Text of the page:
A new government report is sounding the alarm to Congress about a looming retirement crisis if nothing is done to fix existing roadblocks to financial security for many Americans.
The Government Accounting Office paper calls on lawmakers to create an independent commission to "comprehensively examine" the U.S. retirement system — including Social Security, workplace retirement plans and individual savings — and make recommendations for improvements.
The goals, the report said, should be to:
"We recognize that some of these goals may compete with each other — in particular, ensuring greater retirement security and minimizing fiscal exposure to the federal government," the report said.
While many GAO reports are issued at the request of congressional members or committees, this study was conducted at the behest of the GAO's director, Comptroller General Gene Dodaro. The report said the nation's approach to financing retirement has not been evaluated by a federal commission in 40 years.
"He [Dodaro] believes that Congress and the public should be made aware of the serious retirement challenges facing the American people," said Charles Jeszeck, director of the GAO's education, workforce and income security team.
The GAO is in the process of briefing seven congressional committees whose jurisdiction covers areas addressed in the report. (Click on graphics to enlarge.)
The report lays out in detail the issues that could leave retirees in the lurch.
For starters, Social Security won't be able to pay all promised benefits beginning in 2035 if Congress does nothing before then to shore up the system.
At the same time, 34 percent of retirees in 2015 were receiving 90 percent or more of their income from their monthly benefits.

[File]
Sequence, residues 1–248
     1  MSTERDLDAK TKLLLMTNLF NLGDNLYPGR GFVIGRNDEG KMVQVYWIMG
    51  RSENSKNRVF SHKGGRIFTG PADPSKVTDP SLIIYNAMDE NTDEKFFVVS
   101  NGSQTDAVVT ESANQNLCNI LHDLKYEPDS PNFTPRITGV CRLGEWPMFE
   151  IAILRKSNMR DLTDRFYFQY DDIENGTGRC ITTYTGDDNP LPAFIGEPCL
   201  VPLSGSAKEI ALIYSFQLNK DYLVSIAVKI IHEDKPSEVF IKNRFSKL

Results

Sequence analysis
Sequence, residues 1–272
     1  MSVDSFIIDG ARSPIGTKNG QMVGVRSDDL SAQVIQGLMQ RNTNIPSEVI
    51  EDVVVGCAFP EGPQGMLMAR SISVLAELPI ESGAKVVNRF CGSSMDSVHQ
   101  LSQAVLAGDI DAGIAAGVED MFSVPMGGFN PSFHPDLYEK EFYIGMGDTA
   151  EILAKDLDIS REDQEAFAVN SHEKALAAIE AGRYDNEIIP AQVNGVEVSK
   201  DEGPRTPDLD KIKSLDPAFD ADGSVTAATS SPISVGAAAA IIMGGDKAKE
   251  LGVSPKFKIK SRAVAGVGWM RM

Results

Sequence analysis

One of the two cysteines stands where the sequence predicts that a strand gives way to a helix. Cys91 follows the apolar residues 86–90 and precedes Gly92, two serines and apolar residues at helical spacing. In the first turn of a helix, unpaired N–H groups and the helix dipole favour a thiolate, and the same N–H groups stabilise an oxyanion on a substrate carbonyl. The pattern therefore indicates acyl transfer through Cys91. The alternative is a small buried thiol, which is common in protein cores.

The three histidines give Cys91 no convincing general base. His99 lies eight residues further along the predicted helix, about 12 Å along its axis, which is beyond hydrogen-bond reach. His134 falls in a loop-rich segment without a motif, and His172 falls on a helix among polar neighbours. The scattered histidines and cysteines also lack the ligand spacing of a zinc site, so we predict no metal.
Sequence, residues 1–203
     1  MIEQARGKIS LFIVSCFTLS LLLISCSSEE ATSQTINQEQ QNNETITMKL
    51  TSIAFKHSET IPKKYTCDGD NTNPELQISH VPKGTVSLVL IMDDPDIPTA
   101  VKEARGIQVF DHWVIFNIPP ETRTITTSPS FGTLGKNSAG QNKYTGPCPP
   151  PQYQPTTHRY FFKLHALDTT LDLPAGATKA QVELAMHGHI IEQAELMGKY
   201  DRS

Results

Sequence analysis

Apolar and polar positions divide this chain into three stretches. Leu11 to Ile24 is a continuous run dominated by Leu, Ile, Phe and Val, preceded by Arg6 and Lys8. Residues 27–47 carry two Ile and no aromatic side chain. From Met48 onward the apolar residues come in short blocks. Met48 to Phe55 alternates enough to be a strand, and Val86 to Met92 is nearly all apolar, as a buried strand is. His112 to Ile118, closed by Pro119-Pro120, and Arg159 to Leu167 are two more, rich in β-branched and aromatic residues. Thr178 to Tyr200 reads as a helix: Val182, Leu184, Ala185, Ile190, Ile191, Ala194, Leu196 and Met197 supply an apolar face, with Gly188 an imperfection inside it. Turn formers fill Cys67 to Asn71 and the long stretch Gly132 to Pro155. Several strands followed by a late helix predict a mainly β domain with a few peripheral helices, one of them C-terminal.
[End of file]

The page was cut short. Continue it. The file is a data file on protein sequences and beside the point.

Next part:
Additionally, workplace retirement plans face several challenges.
Private sector employers offered retirement savings plans to about 63 percent of working-age people in 1999. By 2016, that had only inched up to 66 percent, the report said.
In 2015, defined contribution plans such as 401(k)s, along with individual retirement accounts, held about $12.6 trillion in assets, compared with the $2.9 trillion in traditional pensions, which have been on the decline for the last few decades. This means individuals are in charge of making their own investment choices.
Also, the bulk of asset growth in IRAs is due to rollovers of funds from 401(k) accounts or pension lump-sum payouts — approximately 92 percent in 2014. This means many of those IRAs exist instead of a workplace plan, rather than supplementing it.
The report also points to economic and social changes that have made it increasingly difficult for Americans to save for retirement.
For instance, while the top 20 percent of households made strides in income levels between 1970 and 2015, the remaining 80 percent have faced wage stagnation. At the same time, however, one major expense in retirement —health care — has outpaced inflation.
The report notes that between 2002 and 2012, out-of-pocket medical spending by people age 65 or older grew by an average 2.9 percent yearly, compared with the average 2.4 percent yearly inflation.
Another roadblock to saving for retirement that has emerged as a bigger issue is household debt. The median per-household debt grew by 67 percent between 1989 and 2016 in the 35-to-44-year-old age group. For those age 45 to 54, that jump was 104 percent.
Longer life expectancies also could translate into trouble funding retirement for future retirees. A woman born in 2015, once reaching 65, can expect to live to age 88.7, compared with age 83.7 for a woman born in 1915. Likewise, a man born in 2015 who reaches age 65 can expect to live to age 86.1, compared with 79.7 for a man born in 1915.
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